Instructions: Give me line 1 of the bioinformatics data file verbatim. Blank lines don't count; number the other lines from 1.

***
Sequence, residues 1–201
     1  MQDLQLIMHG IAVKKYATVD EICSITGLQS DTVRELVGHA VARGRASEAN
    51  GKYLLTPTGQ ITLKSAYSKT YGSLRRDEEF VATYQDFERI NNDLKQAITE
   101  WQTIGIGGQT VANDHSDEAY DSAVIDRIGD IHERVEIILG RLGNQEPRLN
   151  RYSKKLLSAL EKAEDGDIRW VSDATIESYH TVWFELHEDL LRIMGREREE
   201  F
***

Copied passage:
Sequence, residues 1–201